Enzyme Destroys Biofilm of Multiple Organisms

Biofilms are a menace for many, such as those working in water treatment or in a medical setting. One group of scientists at the Research Institute of the McGill University Health Centre has tackled the problem by developing a novel enzyme technology that breaks down and also prevents biofilm formation.

Targeting biofilms to prevent infections

Infections associated with biofilms are responsible for thousands of deaths in North America each year. The microbes behind the infections are difficult to eliminate because they form a biofilm that keeps antibiotics from reaching their target.

Instead of going after individual microbes themselves, researchers took aim at the biofilm they produce, which is a matrix of sugar molecules. Their work led them to discover in a bacterium enzymes that break up the sugar molecules holding the biofilm matrix together.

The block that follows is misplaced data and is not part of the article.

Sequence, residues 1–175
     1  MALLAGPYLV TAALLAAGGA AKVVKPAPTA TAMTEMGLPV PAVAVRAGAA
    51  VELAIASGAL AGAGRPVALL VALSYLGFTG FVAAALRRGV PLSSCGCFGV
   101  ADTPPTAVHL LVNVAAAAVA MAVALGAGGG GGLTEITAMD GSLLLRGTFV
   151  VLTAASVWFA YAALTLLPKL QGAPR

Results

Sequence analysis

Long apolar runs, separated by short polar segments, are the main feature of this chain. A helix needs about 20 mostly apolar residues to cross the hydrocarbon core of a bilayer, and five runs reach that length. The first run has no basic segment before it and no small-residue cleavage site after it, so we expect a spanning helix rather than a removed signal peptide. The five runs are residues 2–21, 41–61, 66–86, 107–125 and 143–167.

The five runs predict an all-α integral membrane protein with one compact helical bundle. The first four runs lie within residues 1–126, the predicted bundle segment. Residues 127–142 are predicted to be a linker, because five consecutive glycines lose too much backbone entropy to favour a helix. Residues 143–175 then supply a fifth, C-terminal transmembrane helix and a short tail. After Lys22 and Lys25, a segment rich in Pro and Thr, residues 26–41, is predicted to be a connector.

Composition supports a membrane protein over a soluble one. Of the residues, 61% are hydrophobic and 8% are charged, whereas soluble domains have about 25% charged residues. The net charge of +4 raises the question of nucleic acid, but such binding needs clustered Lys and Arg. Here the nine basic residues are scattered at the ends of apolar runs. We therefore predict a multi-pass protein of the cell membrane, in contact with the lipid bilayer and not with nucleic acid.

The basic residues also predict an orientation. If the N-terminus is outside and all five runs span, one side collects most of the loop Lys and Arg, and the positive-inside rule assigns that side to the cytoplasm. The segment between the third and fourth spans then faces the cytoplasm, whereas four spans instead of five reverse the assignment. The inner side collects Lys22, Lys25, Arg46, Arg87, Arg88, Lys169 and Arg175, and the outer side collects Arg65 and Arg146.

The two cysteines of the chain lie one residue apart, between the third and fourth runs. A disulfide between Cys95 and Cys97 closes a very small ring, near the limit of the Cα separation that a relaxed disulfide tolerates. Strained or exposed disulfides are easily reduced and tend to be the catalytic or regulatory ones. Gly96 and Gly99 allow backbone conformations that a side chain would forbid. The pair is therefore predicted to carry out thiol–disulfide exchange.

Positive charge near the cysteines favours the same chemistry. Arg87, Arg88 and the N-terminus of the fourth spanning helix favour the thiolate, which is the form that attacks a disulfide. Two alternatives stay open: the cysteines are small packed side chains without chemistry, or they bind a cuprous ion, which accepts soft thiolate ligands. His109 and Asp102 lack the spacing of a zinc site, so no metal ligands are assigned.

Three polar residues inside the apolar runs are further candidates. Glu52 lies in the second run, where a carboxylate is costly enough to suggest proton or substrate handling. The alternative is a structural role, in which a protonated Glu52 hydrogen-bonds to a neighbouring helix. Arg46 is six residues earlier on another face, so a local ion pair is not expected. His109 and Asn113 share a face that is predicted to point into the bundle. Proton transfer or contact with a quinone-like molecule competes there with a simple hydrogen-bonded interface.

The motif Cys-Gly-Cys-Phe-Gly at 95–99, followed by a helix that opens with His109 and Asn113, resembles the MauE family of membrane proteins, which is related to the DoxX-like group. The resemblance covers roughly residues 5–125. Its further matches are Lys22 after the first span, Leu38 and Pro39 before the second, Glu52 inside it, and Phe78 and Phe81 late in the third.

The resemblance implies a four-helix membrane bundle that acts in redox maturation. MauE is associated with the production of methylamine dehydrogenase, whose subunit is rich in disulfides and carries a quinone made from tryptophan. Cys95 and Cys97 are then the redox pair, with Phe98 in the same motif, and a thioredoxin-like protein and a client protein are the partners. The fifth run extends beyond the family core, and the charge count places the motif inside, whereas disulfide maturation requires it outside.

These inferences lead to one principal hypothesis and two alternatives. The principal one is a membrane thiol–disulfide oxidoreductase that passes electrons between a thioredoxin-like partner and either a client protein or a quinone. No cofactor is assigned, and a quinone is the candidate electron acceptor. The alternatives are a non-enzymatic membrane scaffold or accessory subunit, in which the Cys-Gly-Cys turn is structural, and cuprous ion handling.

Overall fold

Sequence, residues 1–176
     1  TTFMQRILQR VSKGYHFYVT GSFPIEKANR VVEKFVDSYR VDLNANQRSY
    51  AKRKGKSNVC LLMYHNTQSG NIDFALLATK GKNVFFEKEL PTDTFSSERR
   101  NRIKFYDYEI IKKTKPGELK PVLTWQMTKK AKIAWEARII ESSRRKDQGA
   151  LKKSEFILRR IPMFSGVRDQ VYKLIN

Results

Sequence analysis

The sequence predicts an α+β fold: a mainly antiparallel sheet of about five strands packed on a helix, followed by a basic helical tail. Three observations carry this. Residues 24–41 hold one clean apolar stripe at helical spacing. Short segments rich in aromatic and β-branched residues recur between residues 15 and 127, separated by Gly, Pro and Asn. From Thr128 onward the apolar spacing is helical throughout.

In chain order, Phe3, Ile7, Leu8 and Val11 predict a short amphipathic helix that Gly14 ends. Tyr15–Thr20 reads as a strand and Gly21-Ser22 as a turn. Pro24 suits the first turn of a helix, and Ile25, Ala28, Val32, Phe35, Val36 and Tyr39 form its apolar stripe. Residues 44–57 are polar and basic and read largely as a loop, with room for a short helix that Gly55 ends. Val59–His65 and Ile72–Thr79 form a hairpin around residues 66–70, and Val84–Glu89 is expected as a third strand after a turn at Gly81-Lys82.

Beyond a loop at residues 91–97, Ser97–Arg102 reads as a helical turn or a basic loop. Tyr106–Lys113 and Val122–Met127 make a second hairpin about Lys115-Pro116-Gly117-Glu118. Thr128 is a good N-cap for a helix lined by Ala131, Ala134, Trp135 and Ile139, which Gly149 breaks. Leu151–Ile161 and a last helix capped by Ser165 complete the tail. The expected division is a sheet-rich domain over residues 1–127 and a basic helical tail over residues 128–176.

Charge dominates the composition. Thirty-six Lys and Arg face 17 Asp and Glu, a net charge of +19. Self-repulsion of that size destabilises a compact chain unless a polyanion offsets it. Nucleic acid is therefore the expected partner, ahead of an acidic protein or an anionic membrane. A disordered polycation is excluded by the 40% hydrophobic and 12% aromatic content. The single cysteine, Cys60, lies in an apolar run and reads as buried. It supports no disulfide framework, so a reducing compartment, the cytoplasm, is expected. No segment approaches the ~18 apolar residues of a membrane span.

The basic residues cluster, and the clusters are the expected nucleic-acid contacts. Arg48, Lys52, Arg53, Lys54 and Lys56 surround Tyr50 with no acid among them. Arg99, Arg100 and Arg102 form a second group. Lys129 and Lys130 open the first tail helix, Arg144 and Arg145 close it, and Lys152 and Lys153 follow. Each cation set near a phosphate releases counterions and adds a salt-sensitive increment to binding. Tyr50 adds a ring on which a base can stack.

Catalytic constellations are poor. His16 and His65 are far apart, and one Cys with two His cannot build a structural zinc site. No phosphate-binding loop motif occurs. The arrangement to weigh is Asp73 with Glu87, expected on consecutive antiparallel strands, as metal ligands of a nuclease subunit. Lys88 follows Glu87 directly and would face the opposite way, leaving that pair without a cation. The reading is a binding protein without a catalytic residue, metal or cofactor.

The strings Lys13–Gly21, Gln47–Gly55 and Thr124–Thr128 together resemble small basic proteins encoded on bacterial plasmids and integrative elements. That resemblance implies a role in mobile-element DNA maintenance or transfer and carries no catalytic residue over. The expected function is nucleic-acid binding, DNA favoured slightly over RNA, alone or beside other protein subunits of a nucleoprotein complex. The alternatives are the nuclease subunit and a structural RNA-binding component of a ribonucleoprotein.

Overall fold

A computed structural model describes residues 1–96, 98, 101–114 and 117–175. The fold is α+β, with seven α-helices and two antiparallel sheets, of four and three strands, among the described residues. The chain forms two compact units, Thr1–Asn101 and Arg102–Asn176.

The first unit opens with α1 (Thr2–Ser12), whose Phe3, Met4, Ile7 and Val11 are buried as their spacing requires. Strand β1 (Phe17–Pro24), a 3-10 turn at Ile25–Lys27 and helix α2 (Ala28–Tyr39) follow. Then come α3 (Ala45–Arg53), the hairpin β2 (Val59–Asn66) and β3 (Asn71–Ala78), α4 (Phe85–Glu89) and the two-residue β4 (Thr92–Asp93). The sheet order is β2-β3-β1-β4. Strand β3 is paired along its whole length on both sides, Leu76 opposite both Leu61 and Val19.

Multi-purpose weapon against biofilm

The researchers originally set out to deal with two organisms behind lung infections, namely, the bacterium Pseudomonas aeruginosa and the fungus Aspergillus fumigatus. The biofilm-destroying enzymes they discovered in the bacterium also worked surprisingly well when they used it to combat the fungus.

The implications for medical settings are significant, since 70% of hospital-acquired infections are associated with biofilms, according to one of the researchers on the project. The team plans to commercialize its findings.

For more information about these findings, see the researchers’ news release and their published work in the Proceedings of the National Academy of Sciences (PNAS).